We could have recited DORA here, and the unspeakable Jix. Or how a later Home Secretary had a young man hanged, despite the urgings to leniency from the jury and the presiding judge, because there was likely to be a vacancy for the premiership, and that Home Secretary fancied his chances, provided his could bolster his law’n’order creeds with the Tory right.  Or how another Home Secretary intervened (behind the scenes) in a later capital trial, in part because it eased the Government’s political difficulties in industrial troubles with the medics.

But there’s a stronger clincher.

The Civil Authorities (Special Powers) Acts (Northern Ireland), 1922 to 1943

The Special Powers Act (as it was generally known) remained in place for the full period of Unionist hegemony in Northern Ireland. Although all that time the overall power rested with the Westminster Parliament and the Home Secretary, only after direct rule were the powers revoked.

Hitler was an admirer of the Special Powers Act, and regretted in 1933 that he lacked the ability to introduce similar measures in Germany (he certainly and speedily sorted that small difficulty).

In April 1963, the South African “minister of justice”, Belthazar Johannes Vorster, introduced the Coercion Bill,  the nub of the apartheid laws. In making his modest proposals he stated he “would be willing to exchange all the legislation of this sort for one clause of the Northern Ireland Special Powers Act”.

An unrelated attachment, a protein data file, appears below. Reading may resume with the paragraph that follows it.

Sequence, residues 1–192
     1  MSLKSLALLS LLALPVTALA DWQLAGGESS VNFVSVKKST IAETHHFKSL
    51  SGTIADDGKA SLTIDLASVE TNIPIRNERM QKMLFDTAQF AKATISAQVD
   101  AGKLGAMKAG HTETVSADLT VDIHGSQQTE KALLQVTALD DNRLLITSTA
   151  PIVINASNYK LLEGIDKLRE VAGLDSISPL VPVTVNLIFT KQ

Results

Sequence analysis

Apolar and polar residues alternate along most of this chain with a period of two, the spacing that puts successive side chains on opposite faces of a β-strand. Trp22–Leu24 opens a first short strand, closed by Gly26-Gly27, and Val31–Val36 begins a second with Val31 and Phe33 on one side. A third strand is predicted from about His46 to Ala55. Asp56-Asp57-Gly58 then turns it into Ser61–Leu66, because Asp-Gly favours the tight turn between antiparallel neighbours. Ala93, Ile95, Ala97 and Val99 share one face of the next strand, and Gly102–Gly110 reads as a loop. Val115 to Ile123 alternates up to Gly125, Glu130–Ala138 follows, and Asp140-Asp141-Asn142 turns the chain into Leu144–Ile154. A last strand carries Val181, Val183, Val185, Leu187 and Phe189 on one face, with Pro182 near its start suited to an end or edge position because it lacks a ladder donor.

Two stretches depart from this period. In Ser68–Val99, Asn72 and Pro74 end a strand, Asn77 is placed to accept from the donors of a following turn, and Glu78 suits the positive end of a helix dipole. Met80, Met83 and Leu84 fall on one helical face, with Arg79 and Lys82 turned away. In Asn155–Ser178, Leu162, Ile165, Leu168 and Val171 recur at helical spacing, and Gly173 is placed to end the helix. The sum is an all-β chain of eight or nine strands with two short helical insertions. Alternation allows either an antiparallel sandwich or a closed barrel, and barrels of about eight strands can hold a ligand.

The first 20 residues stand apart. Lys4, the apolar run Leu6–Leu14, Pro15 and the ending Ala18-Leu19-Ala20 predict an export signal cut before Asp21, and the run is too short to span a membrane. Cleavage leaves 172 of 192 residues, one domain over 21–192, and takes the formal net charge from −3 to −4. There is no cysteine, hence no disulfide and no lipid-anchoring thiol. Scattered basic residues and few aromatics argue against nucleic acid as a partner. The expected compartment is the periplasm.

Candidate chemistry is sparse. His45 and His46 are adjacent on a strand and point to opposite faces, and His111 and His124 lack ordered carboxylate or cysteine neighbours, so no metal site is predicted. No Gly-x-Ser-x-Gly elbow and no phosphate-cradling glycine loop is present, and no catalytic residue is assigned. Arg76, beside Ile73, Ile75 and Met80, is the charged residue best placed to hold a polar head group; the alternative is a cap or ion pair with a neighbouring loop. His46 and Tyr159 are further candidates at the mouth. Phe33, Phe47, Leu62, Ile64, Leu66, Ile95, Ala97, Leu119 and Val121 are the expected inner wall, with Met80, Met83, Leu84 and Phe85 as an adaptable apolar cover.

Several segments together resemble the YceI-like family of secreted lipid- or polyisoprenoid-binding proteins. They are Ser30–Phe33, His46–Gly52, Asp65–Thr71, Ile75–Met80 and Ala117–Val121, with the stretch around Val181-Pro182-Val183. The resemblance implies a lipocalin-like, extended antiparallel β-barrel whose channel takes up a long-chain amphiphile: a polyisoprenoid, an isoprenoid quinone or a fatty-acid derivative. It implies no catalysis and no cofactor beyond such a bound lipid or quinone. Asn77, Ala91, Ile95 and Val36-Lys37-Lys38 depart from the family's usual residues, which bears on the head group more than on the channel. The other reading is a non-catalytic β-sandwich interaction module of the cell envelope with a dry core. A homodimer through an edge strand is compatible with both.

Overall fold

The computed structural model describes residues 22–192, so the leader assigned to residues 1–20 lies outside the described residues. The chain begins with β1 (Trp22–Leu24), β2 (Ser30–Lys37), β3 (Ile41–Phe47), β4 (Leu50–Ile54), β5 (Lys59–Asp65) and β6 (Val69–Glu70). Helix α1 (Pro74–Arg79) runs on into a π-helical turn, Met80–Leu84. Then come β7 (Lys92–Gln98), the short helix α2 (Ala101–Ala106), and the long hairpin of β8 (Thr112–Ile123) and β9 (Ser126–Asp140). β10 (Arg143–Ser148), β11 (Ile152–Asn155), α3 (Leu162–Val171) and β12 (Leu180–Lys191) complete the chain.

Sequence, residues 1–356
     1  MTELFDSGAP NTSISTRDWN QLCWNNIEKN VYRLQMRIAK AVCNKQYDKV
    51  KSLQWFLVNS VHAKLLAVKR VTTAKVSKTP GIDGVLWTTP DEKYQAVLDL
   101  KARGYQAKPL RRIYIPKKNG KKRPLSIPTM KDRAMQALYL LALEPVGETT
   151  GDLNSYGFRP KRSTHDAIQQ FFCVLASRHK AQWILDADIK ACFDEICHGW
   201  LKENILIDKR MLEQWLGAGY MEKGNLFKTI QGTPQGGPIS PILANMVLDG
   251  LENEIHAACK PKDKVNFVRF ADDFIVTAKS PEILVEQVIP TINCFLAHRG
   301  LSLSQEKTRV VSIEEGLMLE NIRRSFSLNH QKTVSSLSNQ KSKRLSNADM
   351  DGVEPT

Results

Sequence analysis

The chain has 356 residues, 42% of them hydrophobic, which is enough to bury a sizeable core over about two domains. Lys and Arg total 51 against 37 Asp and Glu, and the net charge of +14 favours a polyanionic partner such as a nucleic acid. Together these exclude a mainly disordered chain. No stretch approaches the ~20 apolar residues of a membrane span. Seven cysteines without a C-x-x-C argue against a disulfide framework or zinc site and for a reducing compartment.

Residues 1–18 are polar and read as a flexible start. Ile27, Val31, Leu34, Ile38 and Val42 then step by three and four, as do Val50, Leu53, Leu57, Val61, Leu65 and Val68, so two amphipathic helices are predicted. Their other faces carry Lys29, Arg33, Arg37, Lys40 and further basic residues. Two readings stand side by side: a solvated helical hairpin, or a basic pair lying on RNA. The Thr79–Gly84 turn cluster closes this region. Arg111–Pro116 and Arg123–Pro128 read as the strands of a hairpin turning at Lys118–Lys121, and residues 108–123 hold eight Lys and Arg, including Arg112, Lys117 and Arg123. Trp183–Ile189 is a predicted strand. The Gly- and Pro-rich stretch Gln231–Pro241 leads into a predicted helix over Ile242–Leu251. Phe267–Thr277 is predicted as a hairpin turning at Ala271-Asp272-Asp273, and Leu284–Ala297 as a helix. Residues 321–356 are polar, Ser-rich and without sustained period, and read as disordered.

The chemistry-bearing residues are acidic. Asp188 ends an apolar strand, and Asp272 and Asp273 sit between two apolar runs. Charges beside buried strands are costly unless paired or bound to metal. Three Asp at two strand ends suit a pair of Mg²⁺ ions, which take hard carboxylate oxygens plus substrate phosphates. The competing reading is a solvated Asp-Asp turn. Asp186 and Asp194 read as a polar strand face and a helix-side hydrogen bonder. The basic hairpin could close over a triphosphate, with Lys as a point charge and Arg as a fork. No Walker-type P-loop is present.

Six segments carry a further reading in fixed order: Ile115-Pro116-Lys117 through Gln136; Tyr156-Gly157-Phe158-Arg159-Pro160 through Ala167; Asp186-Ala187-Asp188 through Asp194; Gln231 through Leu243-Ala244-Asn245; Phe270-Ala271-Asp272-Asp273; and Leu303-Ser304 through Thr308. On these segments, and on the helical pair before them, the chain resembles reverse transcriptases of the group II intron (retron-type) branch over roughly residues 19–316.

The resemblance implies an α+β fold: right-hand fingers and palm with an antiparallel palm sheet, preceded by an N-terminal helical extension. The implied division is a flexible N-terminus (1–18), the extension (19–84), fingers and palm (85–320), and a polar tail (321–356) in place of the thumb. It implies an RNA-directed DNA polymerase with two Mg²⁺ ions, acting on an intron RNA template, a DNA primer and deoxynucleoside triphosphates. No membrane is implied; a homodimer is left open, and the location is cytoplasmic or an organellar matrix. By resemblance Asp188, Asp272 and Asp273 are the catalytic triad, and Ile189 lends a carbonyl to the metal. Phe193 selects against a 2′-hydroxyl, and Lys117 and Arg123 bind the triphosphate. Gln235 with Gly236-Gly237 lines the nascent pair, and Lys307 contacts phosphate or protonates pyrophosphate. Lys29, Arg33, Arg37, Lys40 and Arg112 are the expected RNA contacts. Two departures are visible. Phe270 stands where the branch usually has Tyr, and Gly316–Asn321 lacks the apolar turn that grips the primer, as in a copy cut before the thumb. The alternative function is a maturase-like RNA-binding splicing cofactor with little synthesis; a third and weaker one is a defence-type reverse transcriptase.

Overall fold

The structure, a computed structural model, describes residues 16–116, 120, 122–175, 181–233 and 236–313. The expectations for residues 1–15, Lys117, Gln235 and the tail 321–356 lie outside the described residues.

Suck it and see

The Special Powers Act starts:

The civil authority shall have power, in respect of persons, matters and things within the jurisdiction of the Government of Northern Ireland, to take all such steps and issue all such orders as may be necessary for preserving the peace and maintaining order, according to and in the execution of this Act and the regulations contained in the Schedule thereto, or such regulations as may be made in accordance with the provisions of this Act (which regulations, whether contained in the said Schedule or made as aforesaid, are in this Act referred to as “the regulations “):